How Will COVID-19 Hurt Commercial Real Estate & the Banks Backing Their Holdings?
The past decade has seen a remarkable rise in our economy as a whole. Almost every industry has seen massive gains, both in the spreadsheets and in the stock market. However, with the onset of coronavirus back in March, a high level of uncertainty has loomed over every economic sector, including commercial real estate.
Banks Look to Be Downgraded Heading Into 2021
The 2010s saw a massive increase in commercial real estate development, all fueled by the $5 trillion dollars in debt secured by companies through the banks. It is this staggering number that worries analyst teams and, more importantly, banks around the country.
“Commercial real estate (CRE), in our view, tops the list of sectors that are most at risk of declining asset quality amid the coronavirus pandemic,” stated one analyst team led by S&P Global Ratings’s Stuart Plesser.
How banks absorb the impending hit from CRE firms defaulting on their loans depends on the sectors they’re involved with and the amount of exposure they have to the industry. Plesser’s team expects that a 3% “base case” loss in commercial real estate could easily be absorbed by exposed banks while a 10% loss could lead to several downgrades in the near future.
However, there is a wide range of speculation across the industry. Here’s what these busy bees are saying on the street:
Federal Reserve: Lenders should expect a 6.3% average loss under a “severely adverse scenario,” with a high-end loss of 10.2%; affects loans held by banks with a $48 billion dollar loss per quarter over nine quarters.
Bank of America Global: Loss of sales only add up to 2.0% at most of all CRE transactions; need to monitor real estate investment trusts (REITs) over the next year; publicly-traded REITs currently down 25.0% in subsectors.
Standard & Poors Global: “Base case” scenario foresees a 3.0% loss in CRE, with a 10.0% “worse outcome” loss that could lead to credit downgrades of banks.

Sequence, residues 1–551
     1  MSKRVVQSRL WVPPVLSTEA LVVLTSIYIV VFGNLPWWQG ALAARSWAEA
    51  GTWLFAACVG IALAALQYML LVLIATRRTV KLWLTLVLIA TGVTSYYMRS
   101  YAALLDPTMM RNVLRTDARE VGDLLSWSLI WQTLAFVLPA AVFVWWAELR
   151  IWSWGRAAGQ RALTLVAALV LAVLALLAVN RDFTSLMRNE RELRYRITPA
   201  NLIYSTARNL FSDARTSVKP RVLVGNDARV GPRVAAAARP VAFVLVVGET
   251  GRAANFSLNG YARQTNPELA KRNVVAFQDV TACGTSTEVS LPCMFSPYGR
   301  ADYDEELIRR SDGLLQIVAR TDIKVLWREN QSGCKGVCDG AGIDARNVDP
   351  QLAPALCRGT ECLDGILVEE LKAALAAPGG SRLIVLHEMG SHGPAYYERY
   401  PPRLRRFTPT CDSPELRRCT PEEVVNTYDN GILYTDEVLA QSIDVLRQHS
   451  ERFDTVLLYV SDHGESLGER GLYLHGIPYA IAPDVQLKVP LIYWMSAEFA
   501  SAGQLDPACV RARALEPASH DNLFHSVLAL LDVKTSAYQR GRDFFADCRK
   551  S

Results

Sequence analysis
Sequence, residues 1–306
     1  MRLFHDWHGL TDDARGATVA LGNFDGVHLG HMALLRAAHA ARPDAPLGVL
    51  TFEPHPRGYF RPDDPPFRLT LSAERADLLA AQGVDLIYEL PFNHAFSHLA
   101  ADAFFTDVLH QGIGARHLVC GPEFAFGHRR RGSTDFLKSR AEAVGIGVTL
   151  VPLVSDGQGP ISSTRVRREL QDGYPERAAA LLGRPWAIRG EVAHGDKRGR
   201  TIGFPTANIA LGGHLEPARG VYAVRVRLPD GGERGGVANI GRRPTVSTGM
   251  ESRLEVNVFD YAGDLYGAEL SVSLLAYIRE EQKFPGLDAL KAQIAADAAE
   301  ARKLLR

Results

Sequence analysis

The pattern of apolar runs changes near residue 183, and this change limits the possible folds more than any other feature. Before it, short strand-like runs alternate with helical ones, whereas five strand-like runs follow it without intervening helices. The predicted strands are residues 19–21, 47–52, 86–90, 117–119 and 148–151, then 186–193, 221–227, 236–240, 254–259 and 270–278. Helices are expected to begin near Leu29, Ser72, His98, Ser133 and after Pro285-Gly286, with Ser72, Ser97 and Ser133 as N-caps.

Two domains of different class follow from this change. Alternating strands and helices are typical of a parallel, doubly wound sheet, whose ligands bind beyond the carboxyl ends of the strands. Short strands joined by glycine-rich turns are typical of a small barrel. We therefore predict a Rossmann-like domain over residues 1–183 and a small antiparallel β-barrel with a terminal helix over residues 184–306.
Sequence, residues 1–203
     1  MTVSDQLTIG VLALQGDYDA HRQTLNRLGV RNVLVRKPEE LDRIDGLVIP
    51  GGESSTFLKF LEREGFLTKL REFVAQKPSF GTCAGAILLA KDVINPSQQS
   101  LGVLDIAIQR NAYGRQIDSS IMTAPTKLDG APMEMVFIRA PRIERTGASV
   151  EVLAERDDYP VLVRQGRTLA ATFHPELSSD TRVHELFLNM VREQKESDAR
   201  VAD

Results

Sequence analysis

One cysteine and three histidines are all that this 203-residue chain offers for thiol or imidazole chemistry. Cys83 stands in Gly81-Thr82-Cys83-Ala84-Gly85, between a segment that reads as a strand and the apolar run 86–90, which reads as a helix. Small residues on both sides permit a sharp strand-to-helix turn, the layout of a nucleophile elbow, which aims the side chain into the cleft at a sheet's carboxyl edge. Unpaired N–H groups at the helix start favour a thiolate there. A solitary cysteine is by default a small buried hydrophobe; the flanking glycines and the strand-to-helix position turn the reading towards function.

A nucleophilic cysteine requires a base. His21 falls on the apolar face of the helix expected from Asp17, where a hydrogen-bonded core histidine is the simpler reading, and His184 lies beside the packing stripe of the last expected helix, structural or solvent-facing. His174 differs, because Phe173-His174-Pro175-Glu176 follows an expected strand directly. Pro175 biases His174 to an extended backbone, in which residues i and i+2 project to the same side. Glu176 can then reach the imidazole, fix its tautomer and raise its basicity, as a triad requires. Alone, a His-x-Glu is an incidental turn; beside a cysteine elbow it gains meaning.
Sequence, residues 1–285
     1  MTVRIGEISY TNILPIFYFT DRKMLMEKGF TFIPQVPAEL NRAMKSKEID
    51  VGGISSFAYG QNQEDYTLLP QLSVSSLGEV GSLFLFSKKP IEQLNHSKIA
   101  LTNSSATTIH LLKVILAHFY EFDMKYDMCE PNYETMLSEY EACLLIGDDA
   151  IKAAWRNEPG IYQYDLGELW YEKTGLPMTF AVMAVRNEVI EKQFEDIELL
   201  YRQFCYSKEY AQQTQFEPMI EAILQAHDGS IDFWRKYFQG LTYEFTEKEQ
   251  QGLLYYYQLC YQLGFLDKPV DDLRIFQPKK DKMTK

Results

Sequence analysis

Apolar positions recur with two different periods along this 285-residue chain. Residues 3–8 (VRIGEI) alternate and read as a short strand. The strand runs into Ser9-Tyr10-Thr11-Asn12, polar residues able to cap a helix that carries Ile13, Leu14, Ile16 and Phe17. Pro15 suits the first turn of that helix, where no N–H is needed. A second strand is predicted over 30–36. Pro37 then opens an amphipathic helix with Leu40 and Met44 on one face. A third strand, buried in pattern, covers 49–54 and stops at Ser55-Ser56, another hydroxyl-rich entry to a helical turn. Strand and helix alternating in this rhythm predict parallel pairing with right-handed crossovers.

Which Commercial Real Estate Sectors Are Most Vulnerable?
Commercial real estate depends on tenant businesses paying rent. But when the entire country is shut down due to COVID-19, the ability for these storefronts and office spaces to pay on time becomes improbable. Thus, the sectors most likely to take the biggest hit in commercial real estate deal with office and retail space. This makes complete sense if you observe how CRE operates in these subindustries:
Retail: Coronavirus’s spread forces the government to initiate “stay-at-home orders,” limiting store hours and in-store purchases. People stop shopping at brick-and-mortar stores, causing a significant drop in revenue. The store then can’t pay its rent to landlords, who either directly report this to the firms or are the firms themselves. And then finally, the firms cannot pay the banks, who suddenly have bad debt on hand.
Office: Stay-at-home orders force companies to work remotely. Companies realize remote work actually saves money, leads to higher productivity, and better talent recruitment. Then commercial real estate firms are stuck with vacant office space and no revenue stream to actually repay the banks.
Meanwhile, warehousing needs for storage (eCommerce, self, pharmaceutical, grocery, etc.) are prevailing much better than these other sectors. Leading the charge within these sectors -- both with the usage of facilities and purchasing of them -- is none other than the margin pirate/supervillain/philanthropist himself, Jeff Bezos, and his company, Amazon. These sectors are considered coronavirus-proof and have grown substantially because of quarantining and social distancing guidelines.
Worst Outcome: What Happens to the U.S.?
Worldwide famine. World wars. Alien invasion where Mel Gibson and Joaquin Phoenix defend our world with jugs of water... While there could be a significant impact on the real estate and stock market, the end result of the worst outcome would lead to a few things:
- Stock market correction within REITs, derivative ETF and Mutual Fund investments, and publicly-traded stocks involved with or possessing large exposure to the CRE sector could take a big hit.
- Credit ratings of banks could be downgraded.
- Banks may be less willing to provide mortgages without steller personal credit ratings.
- Lending companies like Quicken Loans taking on a bigger chunk of the mortgage market.
- Commercial real estate firms will seek debt financing from non-bank lenders (NBL).
- A decrease in demand for homes due to lack of financial backing (i.e. fewer mortgages being processed means less money available for home purchases).
Commercial Real Estate Agents Considering a Move Into Residential?
With uncertainty surrounding the commercial real estate industry, many CRE agents are considering a switch into the residential field. Margins are higher in commercial real estate, but at the end of the day, people don’t need to go to stores anymore to get consumer goods, and workers don’t necessarily need to be in the office thanks to technology like Zoom. However, people still need homes. The demand for a roof over one’s head is as old as time and won’t be going away anytime soon. Investing in a career that meets this near inelastic demand can provide the stability you need as we venture into 2021.
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